Emceeing the Gill Foundation's OutGiving Conference in Lake Las Vegas was like being in a three-day graduate seminar on LGBT philanthropy. We heard great talks by the Gill's executive director Tim Sweeney and its founder Tim Gill and the ACLU's Antony Romero. We heard a great panel with our allies: Planned Parenthood's Cecile Richard, NAACP's Benjamin Jealous, AARP's Dr. E. Percil Stanford and the NEA's John Stocks. We also heard from LGBT funders and grantees from the local community center level to the state, national and international level.
Really tactical, brilliant and adorable gay wonks presented the latest statistics about the LGBT community so funders could make informed choices for their giving. It totally schwinged my inner wonk. Like everyone else, LGBT philanthropists' portfolios are down, but their continuing commitment to funding is not. It was an honor to be with them as they discussed new collaborative investment strategies for the biggest philanthropic impact. It was an exhilarating conference.
Next it was off to give a talk at UPenn's Diversity Week. UPenn has one of the oldest LGBT centers in the country. I think it might have been started by Ben Franklin's lesbian niece, but don't quote me. The student leaders were completely take charge and inspiring. They had originally asked for a 90-minute show, but then requested a 45-minute performance and a 40-minute lecture with a Q&A. Since I often can't make the distinction between serious and comic, the audience opted for the combo platter so it was a bit of LGBT history, my personal history, with Q&A aka heckling. It was great fun.
Then I rented a car and drove out to Adelphi University on Long Island to do a lecture. Have I told you how much I love GPS? It was Women's Recognition Week and Adelphi's Student Activities had planned lots of events: a women's self-defense class, a spa day [unfortunately not the day I was there] and a Women's Recognition dinner honoring women students, administrators and faculty for their contribution to campus life. My talk was about using comedy as a force for social change. After my remarks the students brought me up to speed about what and who they think is funny. I took notes! Who knew from Robot Chickens?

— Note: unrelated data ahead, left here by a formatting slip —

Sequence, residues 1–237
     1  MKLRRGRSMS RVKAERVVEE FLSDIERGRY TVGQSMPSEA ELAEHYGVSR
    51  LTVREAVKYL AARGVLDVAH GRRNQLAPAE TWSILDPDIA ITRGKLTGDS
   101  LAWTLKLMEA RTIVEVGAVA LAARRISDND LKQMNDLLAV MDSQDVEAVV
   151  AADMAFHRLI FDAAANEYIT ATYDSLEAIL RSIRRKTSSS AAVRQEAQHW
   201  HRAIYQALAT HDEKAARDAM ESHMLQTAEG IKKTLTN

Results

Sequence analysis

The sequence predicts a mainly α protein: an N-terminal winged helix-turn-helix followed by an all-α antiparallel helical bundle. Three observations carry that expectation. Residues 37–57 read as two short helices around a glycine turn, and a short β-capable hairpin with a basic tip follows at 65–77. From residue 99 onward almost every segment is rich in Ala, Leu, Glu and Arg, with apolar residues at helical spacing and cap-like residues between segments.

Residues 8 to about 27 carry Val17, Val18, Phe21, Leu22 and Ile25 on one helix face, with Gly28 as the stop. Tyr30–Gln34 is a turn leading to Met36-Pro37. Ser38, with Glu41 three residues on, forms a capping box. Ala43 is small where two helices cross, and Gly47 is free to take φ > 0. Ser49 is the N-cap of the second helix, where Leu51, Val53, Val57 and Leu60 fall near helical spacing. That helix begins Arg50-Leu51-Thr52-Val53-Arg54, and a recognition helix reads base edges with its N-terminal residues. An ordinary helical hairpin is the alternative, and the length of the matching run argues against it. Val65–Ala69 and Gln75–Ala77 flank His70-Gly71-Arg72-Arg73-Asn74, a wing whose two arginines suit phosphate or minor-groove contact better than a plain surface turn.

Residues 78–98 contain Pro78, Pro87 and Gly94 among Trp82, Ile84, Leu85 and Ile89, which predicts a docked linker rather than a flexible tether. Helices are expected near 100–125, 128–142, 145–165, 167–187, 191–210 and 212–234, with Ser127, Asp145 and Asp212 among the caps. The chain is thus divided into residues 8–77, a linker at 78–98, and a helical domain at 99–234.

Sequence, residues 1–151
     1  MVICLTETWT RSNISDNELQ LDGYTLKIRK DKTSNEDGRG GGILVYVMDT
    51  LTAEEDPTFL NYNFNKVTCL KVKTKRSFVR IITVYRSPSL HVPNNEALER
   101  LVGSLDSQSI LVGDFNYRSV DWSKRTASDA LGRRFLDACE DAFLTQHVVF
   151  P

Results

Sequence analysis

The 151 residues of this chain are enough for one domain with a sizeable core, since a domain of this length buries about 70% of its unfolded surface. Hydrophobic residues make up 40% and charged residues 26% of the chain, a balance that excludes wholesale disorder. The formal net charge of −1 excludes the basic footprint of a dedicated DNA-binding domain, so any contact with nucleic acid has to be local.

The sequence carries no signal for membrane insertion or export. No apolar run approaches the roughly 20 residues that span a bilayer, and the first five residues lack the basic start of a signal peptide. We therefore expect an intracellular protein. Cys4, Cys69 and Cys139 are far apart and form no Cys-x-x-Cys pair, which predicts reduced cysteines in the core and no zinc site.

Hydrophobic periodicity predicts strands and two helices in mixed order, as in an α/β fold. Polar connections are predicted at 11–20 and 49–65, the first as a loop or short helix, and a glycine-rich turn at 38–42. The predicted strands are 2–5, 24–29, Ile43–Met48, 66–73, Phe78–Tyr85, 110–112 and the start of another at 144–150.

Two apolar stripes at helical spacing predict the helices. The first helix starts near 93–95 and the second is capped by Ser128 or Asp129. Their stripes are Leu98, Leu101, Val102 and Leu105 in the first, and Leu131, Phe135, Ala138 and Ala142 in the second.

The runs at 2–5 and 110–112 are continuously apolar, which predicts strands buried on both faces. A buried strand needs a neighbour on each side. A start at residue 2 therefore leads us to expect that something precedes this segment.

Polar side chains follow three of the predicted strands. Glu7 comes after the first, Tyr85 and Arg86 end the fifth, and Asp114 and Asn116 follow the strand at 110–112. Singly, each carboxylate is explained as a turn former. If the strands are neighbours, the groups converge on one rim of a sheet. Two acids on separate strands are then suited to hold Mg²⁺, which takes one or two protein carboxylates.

Through no fault of my own, my personal performance portfolio is highly diversified - lecture, stand-up, writing, guest TV appearances, vlogging and blogging. It feels as if I did a little of each in the last seven days, ending with emceeing the 20th Annual GLAAD Media Awards here in New York. It was tres glam as always and a pleasure to see old pals Judith Light, David Mixner and GLAAD's executive director Neil Guiliano. The dinner is a huge endeavor and it would not be possible without the huge number of wonderful volunteers that are inspired by the work the organization does to celebrate the year's positive media portrayals of our LGBT community. The free vodka and the after-party help too.
And not for nuthin' I just got a copy of my new book, I Told You So, hot off the Beacon press. The book and the audio CD read by moi will be available soon. It looks beautiful though my girlfriend thinks the cover is too pink for me. I tell her it's pink with butch rising.